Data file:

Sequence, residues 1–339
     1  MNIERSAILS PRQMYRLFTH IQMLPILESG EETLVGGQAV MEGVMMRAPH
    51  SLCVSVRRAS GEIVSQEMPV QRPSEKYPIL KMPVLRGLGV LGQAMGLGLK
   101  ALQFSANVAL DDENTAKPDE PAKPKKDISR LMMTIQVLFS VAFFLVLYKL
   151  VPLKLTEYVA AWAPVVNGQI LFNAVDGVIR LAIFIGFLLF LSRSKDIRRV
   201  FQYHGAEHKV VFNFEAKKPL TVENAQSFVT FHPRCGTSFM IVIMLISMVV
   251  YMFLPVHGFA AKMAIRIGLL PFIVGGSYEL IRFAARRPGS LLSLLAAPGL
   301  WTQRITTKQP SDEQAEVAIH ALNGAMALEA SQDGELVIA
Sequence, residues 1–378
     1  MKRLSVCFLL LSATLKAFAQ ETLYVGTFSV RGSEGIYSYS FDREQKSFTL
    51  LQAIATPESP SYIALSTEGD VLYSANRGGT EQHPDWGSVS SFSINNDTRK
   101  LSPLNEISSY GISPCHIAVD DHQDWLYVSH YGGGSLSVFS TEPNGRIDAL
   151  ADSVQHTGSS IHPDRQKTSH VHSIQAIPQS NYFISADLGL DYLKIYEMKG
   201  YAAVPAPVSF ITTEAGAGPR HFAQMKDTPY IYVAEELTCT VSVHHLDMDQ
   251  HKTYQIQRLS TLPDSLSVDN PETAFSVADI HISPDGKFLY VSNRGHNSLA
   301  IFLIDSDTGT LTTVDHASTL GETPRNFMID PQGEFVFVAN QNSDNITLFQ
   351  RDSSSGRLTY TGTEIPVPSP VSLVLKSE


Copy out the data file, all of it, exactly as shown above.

Sequence, residues 1–339
     1  MNIERSAILS PRQMYRLFTH IQMLPILESG EETLVGGQAV MEGVMMRAPH
    51  SLCVSVRRAS GEIVSQEMPV QRPSEKYPIL KMPVLRGLGV LGQAMGLGLK
   101  ALQFSANVAL DDENTAKPDE PAKPKKDISR LMMTIQVLFS VAFFLVLYKL
   151  VPLKLTEYVA AWAPVVNGQI LFNAVDGVIR LAIFIGFLLF LSRSKDIRRV
   201  FQYHGAEHKV VFNFEAKKPL TVENAQSFVT FHPRCGTSFM IVIMLISMVV
   251  YMFLPVHGFA AKMAIRIGLL PFIVGGSYEL IRFAARRPGS LLSLLAAPGL
   301  WTQRITTKQP SDEQAEVAIH ALNGAMALEA SQDGELVIA
Sequence, residues 1–378
     1  MKRLSVCFLL LSATLKAFAQ ETLYVGTFSV RGSEGIYSYS FDREQKSFTL
    51  LQAIATPESP SYIALSTEGD VLYSANRGGT EQHPDWGSVS SFSINNDTRK
   101  LSPLNEISSY GISPCHIAVD DHQDWLYVSH YGGGSLSVFS TEPNGRIDAL
   151  ADSVQHTGSS IHPDRQKTSH VHSIQAIPQS NYFISADLGL DYLKIYEMKG
   201  YAAVPAPVSF ITTEAGAGPR HFAQMKDTPY IYVAEELTCT VSVHHLDMDQ
   251  HKTYQIQRLS TLPDSLSVDN PETAFSVADI HISPDGKFLY VSNRGHNSLA
   301  IFLIDSDTGT LTTVDHASTL GETPRNFMID PQGEFVFVAN QNSDNITLFQ
   351  RDSSSGRLTY TGTEIPVPSP VSLVLKSE